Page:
Myths about probationary periods

Sacked for looking too young

In a recent case that received widespread media coverage, a real estate agency, Buxton (Sandringham) Pty Ltd, was taken to task by the Fair Work Ombudsman (FWO) for sacking a worker who had been employed for just 2 weeks.

The employee was told that the reason for her dismissal was because she was too short and because of her “overall young look”.  The agency was concerned that this would be a disadvantage at auctions because she would not have the “presence” to effectively negotiate with interested parties.  The agency confirmed this in an email.

Not surprisingly, the employee was aggrieved by the agency’s actions and complained to the Fair Work Ombudsman, who in turn investigated the agency.

In order to avoid prosecution for terminating the worker for a discriminatory reason (her age), the agency agreed with FWO to:

  • apologise to the worker
  • pay the worker compensation for lost wages
  • undertake workplace relations compliance training by an accredited workplace trainer.

This case highlights a persistent myth believed in by many employers – that when it comes to dismissing probationary or newly employed workers, “anything goes”, and is also an indication that many employers are unaware of changes made by the Fair Work Act (the Act) in 2009.

So, what can and can’t an employer do when terminating new workers?

Unfair dismissal

Under the current Act, probationary periods contained in employment contracts are now completely irrelevant to the question of whether an employee has unfair dismissal rights.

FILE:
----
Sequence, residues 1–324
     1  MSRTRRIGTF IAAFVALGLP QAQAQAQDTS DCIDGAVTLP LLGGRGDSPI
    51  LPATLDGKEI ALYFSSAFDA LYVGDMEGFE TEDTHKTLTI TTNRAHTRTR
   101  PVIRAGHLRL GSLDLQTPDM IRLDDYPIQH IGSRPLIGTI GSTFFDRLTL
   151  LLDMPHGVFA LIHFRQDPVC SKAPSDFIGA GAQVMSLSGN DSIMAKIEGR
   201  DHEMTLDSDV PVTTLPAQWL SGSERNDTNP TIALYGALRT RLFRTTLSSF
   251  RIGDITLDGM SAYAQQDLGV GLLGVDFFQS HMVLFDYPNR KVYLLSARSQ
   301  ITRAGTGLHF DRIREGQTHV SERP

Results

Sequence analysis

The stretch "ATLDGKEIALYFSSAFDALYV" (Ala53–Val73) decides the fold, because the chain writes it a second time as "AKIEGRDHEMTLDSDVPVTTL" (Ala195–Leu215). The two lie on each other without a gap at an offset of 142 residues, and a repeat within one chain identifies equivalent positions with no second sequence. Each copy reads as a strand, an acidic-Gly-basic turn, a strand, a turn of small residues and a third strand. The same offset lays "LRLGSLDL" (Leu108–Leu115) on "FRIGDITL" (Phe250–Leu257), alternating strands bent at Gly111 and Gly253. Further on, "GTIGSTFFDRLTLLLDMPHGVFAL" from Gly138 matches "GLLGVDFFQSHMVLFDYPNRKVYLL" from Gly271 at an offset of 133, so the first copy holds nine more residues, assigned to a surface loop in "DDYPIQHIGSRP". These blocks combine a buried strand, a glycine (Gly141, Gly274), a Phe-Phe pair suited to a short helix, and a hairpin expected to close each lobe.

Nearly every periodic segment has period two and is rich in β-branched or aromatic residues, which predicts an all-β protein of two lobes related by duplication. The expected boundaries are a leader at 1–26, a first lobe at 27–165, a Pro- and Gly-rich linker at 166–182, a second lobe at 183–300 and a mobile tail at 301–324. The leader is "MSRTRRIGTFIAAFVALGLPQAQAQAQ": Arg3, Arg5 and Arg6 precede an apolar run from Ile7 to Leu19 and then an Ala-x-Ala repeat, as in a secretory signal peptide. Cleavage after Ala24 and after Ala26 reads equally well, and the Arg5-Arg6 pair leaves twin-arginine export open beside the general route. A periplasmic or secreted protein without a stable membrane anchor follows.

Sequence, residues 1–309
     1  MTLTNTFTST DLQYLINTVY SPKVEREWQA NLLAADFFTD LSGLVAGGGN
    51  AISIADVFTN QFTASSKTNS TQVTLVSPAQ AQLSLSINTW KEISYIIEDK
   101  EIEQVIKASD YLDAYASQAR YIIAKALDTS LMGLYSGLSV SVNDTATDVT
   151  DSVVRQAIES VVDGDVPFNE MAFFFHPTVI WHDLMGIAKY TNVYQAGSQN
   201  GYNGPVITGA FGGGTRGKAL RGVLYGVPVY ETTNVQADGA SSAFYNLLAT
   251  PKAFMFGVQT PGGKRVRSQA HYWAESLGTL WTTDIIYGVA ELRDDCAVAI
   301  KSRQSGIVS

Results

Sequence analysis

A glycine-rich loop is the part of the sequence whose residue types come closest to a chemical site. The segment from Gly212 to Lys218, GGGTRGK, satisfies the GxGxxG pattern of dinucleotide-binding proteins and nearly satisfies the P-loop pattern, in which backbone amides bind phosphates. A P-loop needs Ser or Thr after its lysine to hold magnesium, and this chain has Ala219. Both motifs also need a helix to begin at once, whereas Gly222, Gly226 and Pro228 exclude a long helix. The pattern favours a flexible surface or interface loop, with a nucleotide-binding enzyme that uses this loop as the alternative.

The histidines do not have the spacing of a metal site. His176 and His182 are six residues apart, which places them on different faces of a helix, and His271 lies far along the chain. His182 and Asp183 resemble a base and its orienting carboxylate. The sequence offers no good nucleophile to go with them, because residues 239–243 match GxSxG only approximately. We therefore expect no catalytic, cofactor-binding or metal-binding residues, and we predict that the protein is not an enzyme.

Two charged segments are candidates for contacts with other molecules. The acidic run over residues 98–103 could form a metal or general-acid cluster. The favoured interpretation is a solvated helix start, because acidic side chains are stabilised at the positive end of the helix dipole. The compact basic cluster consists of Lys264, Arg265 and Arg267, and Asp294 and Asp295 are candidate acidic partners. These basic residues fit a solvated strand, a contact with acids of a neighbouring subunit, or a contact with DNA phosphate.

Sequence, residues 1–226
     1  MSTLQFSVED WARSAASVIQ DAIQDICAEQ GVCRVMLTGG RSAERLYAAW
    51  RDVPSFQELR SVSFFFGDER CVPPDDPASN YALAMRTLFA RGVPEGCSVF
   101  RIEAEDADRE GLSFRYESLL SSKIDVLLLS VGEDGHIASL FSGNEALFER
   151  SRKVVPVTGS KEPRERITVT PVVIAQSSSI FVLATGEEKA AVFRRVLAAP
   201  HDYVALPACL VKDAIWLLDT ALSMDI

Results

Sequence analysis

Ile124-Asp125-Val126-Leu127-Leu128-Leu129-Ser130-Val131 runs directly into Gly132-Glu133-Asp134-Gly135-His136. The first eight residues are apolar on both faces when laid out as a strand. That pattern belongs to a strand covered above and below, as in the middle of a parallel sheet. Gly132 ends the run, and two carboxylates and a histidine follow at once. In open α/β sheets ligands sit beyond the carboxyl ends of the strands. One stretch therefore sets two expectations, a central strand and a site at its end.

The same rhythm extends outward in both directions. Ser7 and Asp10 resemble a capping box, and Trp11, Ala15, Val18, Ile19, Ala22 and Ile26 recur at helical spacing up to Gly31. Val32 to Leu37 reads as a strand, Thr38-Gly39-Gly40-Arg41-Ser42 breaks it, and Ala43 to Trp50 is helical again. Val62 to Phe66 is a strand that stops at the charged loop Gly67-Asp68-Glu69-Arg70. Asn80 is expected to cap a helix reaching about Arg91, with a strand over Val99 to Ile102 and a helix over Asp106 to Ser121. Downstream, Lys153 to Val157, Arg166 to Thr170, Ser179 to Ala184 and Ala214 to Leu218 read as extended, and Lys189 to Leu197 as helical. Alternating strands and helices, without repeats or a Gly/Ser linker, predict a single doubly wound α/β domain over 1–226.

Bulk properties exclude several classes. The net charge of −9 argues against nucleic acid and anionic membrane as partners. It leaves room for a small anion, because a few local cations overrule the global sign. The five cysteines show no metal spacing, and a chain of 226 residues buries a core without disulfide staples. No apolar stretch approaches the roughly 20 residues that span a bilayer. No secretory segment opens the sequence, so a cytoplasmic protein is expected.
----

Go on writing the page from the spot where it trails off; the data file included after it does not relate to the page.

Instead, the issue is determined solely by the Act.  Under the Act, a worker will only have unfair dismissal rights if they have served the “minimum employment period”.  This period depends on whether an employer is a “small business employer” (a business that has 14 or fewer employees).  The minimum employment periods set out in the Act are:

  • for small business employers:  1 year
  • for larger employers:  6 months

Care needs to be taken in working out whether an employer is a “small business employer”, as there are several traps for the unwary:

  • the dismissed employee is counted towards the total number.
  • whilst genuine casual employees are not counted, casual employees are counted if they are employed on a “regular and systematic basis”.  In our experience, most workers who are called (and paid as) casuals are in fact employed on a regular and systematic basis and so would be counted toward the total number of employees.
  • all employees of all “associated entities” of the employer are counted as being employees of the employer.  These provisions are highly technical, but generally businesses that have common ownership or control will be associated entities (e.g. companies within a Company Group).

If an employee has not served the minimum employment period (whether that turns out to be 6 months or 1 year), they can be dismissed without the need to accord procedural fairness (e.g. give warnings etc) and without fear of unfair dismissal proceedings, even if the dismissal would otherwise be considered harsh or unreasonable.

However, even where the employee is not protected from unfair dismissal, that is not the end of the matter, as the case of the real estate agency above shows.  In that case, the employee had only served 2 weeks and was not protected from unfair dismissal, and yet the employer was found to have breached the law and was subject to penalties.

So, what are the other matters to consider?

Adverse action

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